Germany 40 (DAX) – which represents 40 of the largest and most liquid German companies trading on the Frankfurt Stock Exchange – has fallen 11.7% since the start of the year (YTD) as investors avoid corporate risks associated with spikes in inflation and rising interest rates.

The German currency, the euro (USD), has fallen against the dollar this year, with the greenback seen as another safe-haven asset and boosted by the US Federal Reserve (fed) increasingly hawkish stance on rates.

Some analysts believe this has made the dykes more attractive than usual. In a note from last month, ING wrote

“The geopolitical context continues to support the demand for safe haven Bunds. Furthermore, the same ECB that walks away from the bond market can also raise systemic concerns, whereas in the Eurozone the concern is focused on peripheral bond markets.

“With record high implied market volatility and short-term rates still trending higher as central banks tighten policy reins, rate directionality is another factor that may well keep Bund ASWs elevated.”

Germany also faces a large budget deficit linked both to the Covid-19 stimulus and to measures taken since the start of Russia’s campaign against Ukraine.

The country recorded a 189 billion euros deficit in 2020, its biggest since German reunification in 1990, as it filled public coffers to cope with aggressive lockdowns. This has fallen to a still substantial level 132 billion euros in 2021.

Germany recorded a deficit of 13 billion euros in the first half of 2022after accumulating a deficit of 75.6 billion euros in the first half of 2021. As a result, an increasing number of bonds were made available by the German government, which may have helped to keep rates lower than they otherwise would be.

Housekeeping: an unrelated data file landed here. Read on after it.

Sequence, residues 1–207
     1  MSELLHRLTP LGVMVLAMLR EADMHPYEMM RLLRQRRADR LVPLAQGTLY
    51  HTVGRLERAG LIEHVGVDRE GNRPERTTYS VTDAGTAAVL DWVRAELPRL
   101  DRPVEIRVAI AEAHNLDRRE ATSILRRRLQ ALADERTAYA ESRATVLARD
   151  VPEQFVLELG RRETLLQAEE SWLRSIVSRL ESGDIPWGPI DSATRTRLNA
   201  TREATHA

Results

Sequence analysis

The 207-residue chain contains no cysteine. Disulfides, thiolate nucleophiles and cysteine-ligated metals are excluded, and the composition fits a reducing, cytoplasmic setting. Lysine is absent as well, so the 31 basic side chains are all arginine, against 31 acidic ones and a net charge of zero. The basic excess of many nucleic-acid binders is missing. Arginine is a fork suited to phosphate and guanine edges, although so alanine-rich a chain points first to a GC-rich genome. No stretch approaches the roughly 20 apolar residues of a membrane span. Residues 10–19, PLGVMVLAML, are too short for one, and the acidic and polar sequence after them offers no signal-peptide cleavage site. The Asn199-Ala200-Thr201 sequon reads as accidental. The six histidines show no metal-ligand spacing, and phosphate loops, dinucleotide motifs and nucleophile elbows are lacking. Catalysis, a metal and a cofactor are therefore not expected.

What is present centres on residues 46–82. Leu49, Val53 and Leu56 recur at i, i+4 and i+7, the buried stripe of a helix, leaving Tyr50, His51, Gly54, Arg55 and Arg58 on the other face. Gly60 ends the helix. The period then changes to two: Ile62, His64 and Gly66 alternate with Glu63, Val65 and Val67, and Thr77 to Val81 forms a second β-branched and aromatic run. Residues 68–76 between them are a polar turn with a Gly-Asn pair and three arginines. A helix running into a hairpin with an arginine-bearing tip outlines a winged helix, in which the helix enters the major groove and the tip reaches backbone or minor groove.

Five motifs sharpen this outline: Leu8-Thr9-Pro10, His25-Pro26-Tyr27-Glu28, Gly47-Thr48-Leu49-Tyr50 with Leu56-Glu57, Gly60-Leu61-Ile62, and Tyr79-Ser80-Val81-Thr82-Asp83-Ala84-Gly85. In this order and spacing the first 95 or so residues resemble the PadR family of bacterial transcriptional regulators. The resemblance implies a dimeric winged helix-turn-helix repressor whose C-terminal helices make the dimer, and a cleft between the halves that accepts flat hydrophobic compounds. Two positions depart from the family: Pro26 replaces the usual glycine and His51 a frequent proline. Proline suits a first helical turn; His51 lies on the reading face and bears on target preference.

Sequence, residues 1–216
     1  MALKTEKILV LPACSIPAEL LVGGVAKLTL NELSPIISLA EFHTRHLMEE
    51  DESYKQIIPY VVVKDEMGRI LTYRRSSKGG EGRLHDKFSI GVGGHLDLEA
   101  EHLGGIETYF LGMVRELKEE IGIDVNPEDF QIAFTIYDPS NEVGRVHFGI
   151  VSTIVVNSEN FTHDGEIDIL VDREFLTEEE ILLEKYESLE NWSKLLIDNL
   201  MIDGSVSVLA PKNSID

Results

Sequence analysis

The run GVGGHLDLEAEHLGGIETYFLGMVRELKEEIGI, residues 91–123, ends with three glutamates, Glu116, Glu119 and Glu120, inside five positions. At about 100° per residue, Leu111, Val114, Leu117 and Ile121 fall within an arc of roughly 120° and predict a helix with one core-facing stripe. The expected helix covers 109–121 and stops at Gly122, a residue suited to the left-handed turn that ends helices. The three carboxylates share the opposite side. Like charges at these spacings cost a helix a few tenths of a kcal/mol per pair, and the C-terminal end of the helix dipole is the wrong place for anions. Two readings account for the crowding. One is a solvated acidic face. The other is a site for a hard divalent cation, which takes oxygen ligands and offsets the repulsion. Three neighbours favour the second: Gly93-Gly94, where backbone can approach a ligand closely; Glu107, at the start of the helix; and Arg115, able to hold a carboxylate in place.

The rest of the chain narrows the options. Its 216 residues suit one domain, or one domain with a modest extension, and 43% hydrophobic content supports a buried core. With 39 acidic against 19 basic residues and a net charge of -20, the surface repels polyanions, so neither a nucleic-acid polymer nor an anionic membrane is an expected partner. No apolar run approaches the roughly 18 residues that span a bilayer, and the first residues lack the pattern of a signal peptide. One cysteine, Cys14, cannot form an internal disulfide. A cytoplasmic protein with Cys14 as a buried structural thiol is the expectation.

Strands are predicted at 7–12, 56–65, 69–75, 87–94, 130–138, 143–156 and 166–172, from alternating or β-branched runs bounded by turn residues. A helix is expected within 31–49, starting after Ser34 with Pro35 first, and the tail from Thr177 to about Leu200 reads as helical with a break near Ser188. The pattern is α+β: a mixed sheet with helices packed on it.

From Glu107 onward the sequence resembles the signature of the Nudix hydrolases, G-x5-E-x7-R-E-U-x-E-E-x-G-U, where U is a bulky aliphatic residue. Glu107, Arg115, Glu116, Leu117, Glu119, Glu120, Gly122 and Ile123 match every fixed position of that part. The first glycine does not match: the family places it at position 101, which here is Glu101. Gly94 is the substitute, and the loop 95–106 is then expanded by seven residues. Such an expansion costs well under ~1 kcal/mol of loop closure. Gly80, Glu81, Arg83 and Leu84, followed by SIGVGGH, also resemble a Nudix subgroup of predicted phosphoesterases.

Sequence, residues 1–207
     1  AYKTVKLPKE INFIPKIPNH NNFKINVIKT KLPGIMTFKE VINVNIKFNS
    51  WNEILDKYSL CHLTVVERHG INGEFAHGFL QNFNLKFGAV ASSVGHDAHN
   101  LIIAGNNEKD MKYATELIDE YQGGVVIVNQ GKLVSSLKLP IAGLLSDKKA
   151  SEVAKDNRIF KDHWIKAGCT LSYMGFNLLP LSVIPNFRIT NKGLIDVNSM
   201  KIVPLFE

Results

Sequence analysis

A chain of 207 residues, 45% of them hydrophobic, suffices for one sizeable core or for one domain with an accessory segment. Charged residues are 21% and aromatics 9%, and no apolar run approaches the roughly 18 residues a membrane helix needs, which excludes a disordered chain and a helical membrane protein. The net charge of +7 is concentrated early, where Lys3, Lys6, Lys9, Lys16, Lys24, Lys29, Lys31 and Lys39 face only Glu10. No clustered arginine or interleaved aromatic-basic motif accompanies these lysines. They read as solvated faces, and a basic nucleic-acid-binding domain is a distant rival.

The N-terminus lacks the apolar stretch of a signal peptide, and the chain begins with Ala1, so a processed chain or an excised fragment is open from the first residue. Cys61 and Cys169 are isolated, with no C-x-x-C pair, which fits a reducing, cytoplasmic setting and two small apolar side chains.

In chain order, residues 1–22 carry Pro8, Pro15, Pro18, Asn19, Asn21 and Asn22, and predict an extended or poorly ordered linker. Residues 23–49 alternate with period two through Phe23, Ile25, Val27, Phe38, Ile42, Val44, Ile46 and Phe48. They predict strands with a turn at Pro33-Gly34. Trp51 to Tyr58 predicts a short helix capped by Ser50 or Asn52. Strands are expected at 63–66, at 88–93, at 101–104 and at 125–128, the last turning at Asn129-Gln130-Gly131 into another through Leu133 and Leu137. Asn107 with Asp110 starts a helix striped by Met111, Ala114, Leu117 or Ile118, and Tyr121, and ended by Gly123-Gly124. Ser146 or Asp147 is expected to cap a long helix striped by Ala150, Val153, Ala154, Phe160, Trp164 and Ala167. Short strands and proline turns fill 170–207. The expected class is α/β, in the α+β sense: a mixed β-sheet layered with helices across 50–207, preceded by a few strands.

This is set to intensify, with Germany planning to double its borrowing to 45 billion euros in 2023 to combat the effects of an energy deficit, sources said. Bloomberg.

Piero Cingari noted that this could affect the outlook for the bond market:

“The German government will have to issue more bunds in order to finance its budget deficit next year and to cover its growing energy expenditure. The additional supply of bunds will have to be absorbed mainly by investors, since the ECB will no longer have a program quantitative easing and could switch to a quantitative tightening program.

Analyst opinions and projections

The bond market forecast for Germany straddles the continued appeal of debt as a safe-haven asset and the government’s desire to continue injecting new supply into the market.

“Bunds are still one of the most liquid assets in the world, but Germany’s fiscal and external position is deteriorating, and the upward trend in inflation is not over yet, so investors will want to higher returns on this asset,” Cingari said.

“Clearly, the possibility of a European recession is increasing the demand for safe-haven assets, and Bunds could benefit from this trend. However, if inflation remains high and the government needs to spend more money to contain household energy spending, this will not create a bull market for Bunds, even in a recession.

According Global government bondsthe German 10-year bond is expected to reach 2.57% by the end of March 2023, up 56 basis points from current levels.

Meanwhile, Trade economy expect the 10-year yield to hit 2.95% in 12 months, after hitting 2.22% at the end of this quarter.


What are German Bunds?

This is the German form of sovereign debt issuance, equivalent to US Treasury bonds or UK gilts.

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James R. Rhodes